One of the great advantages of Radio Frequency Identification (hereinafter “RFID”) is that it facilitates wireless remote reading of multiple RFID transponders. However, this advantage is also the greatest weakness of RFID. For example, there have been demonstrations of RFID reading at ranges of 100+ meters. Although legitimate users welcome this range, so to do the illegitimate users. Unauthorized users can obtain the same valuable information contained on RFID transponders as authorized ones. It is, for example, entirely feasible that thieves could efficiently scan a warehouse or loading dock to pinpoint the most valuable goods. It is also feasible, for example, that terrorists could scan an airport for those carrying U.S. Passports. It is also feasible that criminals, for example, could scan a crowd for potential kidnapping victims. RIFD tags identify any object they are associated with. For example, remote sensing devices such as contact less smart cards or anti theft codes for car locks or E-Passports can facilitate identity theft. This is usually accomplished through use of an unauthorized scanner remotely reading aforementioned items.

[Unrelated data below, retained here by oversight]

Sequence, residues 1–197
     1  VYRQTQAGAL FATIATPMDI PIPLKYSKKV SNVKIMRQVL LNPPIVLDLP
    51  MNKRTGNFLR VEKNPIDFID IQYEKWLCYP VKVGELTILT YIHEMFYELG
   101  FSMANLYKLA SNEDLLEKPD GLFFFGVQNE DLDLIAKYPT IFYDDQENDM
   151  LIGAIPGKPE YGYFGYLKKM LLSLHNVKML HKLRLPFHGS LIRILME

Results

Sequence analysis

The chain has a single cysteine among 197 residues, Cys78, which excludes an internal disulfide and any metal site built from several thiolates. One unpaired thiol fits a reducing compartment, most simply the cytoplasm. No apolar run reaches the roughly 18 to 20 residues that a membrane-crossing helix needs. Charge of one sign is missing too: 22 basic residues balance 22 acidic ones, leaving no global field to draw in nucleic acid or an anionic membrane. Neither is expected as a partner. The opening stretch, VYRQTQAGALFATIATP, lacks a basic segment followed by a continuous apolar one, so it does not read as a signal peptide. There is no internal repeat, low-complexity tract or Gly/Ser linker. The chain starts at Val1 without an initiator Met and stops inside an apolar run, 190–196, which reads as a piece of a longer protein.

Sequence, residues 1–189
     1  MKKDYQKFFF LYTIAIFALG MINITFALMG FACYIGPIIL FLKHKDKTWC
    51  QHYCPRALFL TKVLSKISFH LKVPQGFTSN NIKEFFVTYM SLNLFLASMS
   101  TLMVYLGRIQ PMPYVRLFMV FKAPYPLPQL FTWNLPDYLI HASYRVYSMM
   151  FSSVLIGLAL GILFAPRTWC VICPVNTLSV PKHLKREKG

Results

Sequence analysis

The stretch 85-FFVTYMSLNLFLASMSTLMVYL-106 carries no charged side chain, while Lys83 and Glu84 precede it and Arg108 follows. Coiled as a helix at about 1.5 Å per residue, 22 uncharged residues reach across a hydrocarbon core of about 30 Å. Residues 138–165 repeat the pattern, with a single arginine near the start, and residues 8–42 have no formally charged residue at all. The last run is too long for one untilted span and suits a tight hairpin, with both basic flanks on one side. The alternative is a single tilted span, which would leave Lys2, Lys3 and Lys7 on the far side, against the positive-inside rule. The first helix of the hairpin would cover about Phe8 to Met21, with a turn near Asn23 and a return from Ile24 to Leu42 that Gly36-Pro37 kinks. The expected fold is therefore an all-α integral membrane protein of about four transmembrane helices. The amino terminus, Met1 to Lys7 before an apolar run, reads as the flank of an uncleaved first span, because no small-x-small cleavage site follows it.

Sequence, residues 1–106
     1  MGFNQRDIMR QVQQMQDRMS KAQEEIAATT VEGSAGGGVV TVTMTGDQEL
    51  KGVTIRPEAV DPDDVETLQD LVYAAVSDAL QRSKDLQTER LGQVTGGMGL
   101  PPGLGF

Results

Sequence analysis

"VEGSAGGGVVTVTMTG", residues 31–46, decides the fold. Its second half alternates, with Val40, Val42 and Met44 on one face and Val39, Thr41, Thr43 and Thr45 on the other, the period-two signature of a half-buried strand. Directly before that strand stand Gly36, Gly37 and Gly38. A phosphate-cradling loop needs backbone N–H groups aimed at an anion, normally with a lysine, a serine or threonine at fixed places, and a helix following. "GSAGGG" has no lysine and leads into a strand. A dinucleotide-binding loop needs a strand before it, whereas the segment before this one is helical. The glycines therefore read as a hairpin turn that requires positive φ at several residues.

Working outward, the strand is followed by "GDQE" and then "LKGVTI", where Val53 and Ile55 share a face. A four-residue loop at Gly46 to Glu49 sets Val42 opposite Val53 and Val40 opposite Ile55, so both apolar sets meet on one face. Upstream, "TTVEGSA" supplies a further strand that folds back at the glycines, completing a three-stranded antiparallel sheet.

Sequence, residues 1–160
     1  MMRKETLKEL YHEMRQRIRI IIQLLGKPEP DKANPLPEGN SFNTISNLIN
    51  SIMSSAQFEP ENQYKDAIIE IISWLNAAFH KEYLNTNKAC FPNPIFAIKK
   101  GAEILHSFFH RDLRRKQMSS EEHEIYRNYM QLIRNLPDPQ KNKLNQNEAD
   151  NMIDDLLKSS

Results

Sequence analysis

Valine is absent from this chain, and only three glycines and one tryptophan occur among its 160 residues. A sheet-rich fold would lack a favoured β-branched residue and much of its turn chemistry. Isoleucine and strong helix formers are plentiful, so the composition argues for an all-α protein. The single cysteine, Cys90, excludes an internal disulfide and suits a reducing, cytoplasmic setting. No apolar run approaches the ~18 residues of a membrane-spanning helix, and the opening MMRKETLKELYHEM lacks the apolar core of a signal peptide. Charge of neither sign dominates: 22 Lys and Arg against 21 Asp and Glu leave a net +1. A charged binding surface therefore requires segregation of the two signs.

It is clear that RFID systems, without security design, when used for supply chain management, are not usually problematic. However, for retail goods, currency and credit cards it is essential that the RFID industry stay ahead of ingenious and industrious engineers who will go to work on facilitating the theft of critical data and information from RFID transponders. As soon as there is serious money available as profit in the enterprise of stealing RFID data, then the crooks will become very adept at it. The E-Passport field is a good example of the burgeoning problem of RFID skimming and eavesdropping. Skimming occurs when an intruder with a reading device in the vicinity of the passport holder surreptitiously reads the electronic information on the chip without the passport holder knowing. Eavesdropping occurs when an intruder intercepts data as it is being transmitted from the chip to an authorized reader. For example, E-Passports contain RFID chips which store an electronic copy of passport information. This information is typically name, digitized picture, digitized fingerprints or visas. Standing on its own this is not a problem. The E-Passport works like automatic toll collection on roads or automatic fare collection on subways. These systems work via proximity. The risk to the E-Passport holder is the possibility of surreptitious access. In other words, your passport information may be read without your knowledge or consent by a government trying to track your movements, a criminal trying to steal your identity or someone just curious abut your citizenship.